ALS Registry Anniversary
On October 19, 2012, the National Amyotrophic Lateral Sclerosis (ALS) Registry celebrates its second anniversary. The Registry now includes registrants from all 50 states. The second year of the National ALS Registry has been busy and productive, from enrolling registrants to creating programs that will improve the accuracy of the data received, as well as adding functions that make the Registry even more useful to researchers.
No one knows what causes most cases of ALS. Science has yet to find a cure for the disease. ALS affects nerve cells in the brain and spinal cord and causes muscle nerves to die. When this happens, the brain cannot control muscle movement. Patients in the late stages of the disease may be totally paralyzed. When the muscles in the chest stop working, patients no longer can breathe on their own. In most cases though, ALS does not affect senses, personality, intelligence, or memory: ALS patients remain aware of those around them and what is happening. They also can tell when the disease is getting worse.
Doctors estimate that about 5,000 people are diagnosed with ALS each year, but no one knows exactly how many people in the United States have the disease. In 2008, Congress enacted the ALS Registry Act [PDF - 199KB], which charges the Agency for Toxic Substances and Disease Registry (ATSDR) with creating and maintaining the National ALS Registry.
The Registry collects information on people with ALS by using both existing data (e.g., from Medicare, Medicaid, and Veterans Administration) and self-registration data. Specifically, the information gathered by the National ALS Registry can help researchers
- more accurately estimate the number of new cases of ALS identified each year,
- more accurately estimate the number of people with ALS at a specific point in time,
- better understand who gets ALS and what factors affect the disease, and
- improve care for people with this disease.
During its second year, the National ALS Registry implemented three new projects to enhance accuracy and usability.
- State and metropolitan area-based ALS surveillance projects are helping to evaluate the completeness of the National ALS Registry. Three states (Florida, New Jersey, Texas) and 8 cities (Atlanta, Baltimore, Chicago, Detroit, Las Vegas, Los Angeles, Philadelphia, and San Francisco) are identifying all neurologists who diagnose or provide care for people with ALS in those areas and checking their medical records for cases of ALS. As a result, ATSDR can compare these data to data from the same areas in the National ALS Registry. If some areas or groups are not well-represented in the Registry, ATSDR can find ways to reach these populations.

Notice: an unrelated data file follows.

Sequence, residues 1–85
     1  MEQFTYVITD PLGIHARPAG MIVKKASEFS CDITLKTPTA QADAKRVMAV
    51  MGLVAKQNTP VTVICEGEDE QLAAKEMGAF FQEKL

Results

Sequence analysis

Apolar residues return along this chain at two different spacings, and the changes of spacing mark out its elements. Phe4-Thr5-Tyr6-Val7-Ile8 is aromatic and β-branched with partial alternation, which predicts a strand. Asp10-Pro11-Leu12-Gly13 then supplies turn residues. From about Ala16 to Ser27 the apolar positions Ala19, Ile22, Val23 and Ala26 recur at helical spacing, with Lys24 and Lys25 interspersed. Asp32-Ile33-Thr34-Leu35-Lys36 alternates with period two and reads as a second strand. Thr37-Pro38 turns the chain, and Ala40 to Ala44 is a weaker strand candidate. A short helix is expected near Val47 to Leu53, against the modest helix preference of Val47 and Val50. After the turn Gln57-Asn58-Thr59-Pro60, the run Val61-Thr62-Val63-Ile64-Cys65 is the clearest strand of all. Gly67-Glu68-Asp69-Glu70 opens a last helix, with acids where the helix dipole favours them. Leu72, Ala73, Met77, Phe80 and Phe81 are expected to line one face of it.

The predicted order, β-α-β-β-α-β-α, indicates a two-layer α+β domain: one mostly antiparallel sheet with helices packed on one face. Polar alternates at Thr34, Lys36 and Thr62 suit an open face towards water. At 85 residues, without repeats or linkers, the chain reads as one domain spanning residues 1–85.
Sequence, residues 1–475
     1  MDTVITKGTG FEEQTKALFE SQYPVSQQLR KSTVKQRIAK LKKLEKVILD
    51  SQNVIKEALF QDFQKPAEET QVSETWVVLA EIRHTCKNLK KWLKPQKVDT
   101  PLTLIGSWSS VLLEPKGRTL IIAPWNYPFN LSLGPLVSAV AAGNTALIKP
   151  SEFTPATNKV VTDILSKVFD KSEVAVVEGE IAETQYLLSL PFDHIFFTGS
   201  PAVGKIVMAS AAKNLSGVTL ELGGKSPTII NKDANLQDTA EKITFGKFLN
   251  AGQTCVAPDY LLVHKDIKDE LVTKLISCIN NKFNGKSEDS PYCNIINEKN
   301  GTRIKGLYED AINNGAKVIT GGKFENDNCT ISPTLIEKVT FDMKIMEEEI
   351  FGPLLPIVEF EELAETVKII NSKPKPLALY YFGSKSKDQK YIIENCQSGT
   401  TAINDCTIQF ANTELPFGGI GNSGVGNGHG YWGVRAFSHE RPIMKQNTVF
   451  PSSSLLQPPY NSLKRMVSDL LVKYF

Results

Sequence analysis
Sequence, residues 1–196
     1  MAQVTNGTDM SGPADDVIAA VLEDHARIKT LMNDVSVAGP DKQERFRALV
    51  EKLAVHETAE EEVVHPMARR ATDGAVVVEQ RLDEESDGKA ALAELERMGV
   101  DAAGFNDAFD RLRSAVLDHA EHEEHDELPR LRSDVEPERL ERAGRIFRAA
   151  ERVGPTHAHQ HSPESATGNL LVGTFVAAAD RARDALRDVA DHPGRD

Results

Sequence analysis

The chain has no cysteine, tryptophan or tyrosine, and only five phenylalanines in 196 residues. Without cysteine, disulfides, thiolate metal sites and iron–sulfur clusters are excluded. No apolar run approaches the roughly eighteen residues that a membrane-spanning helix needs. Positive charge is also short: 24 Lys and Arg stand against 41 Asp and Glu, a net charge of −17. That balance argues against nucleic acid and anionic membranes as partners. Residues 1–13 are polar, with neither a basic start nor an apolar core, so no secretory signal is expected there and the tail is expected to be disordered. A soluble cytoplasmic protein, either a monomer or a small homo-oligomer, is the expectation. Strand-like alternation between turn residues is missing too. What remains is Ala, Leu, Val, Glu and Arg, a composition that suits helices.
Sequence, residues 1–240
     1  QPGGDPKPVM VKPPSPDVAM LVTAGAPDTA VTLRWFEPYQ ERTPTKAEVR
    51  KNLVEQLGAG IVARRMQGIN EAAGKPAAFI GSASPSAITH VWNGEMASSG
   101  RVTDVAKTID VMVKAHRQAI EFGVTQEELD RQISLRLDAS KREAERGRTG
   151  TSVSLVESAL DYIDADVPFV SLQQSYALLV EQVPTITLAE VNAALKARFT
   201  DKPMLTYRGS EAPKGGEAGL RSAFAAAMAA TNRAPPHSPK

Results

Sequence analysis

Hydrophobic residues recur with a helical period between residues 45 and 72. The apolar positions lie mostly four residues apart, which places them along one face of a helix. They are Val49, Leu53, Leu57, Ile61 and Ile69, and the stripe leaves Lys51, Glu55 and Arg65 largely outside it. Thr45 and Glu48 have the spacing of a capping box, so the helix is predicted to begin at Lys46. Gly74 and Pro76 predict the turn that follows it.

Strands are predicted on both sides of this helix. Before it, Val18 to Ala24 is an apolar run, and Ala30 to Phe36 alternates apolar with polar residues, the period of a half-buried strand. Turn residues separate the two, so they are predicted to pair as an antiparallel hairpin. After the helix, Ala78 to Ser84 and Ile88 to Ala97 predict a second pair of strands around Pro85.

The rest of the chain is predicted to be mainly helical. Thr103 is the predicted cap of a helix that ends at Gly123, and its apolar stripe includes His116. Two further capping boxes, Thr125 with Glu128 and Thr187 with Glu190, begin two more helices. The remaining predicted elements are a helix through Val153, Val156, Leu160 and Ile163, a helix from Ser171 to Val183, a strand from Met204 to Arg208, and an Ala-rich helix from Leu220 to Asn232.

- A research notification system has been developed to inform people with ALS about new research studies (e.g., clinical trials, epidemiological studies). When researchers send ATSDR information about their studies, ATSDR will verify that the study has been approved by the researcher's institution. ATSDR then emails information about the study to Registry participants who may be eligible and have agreed to be contacted about such projects. The participants can then contact the researcher(s) if they’d like to participate in the studies.
- A bioregistry study has been launched to evaluate the feasibility of collecting blood, saliva, and tissue (biospecimens) from individuals enrolled in the National ALS Registry. Connecting biospecimens to information already collected from participants will make the Registry even more useful to researchers.
Additionally, a new mobile application makes it easy for people with ALS and caregivers to see the nearest ALS clinics and support groups. The application can be downloaded to iPads from the ALS Service Locator iTunes Page. The Registry will continue to add new ALS risk factor surveys to increase the knowledge base for the disease.
ATSDR and its partners look forward to advancing the Registry to address the future needs of both people with ALS and ALS researchers.
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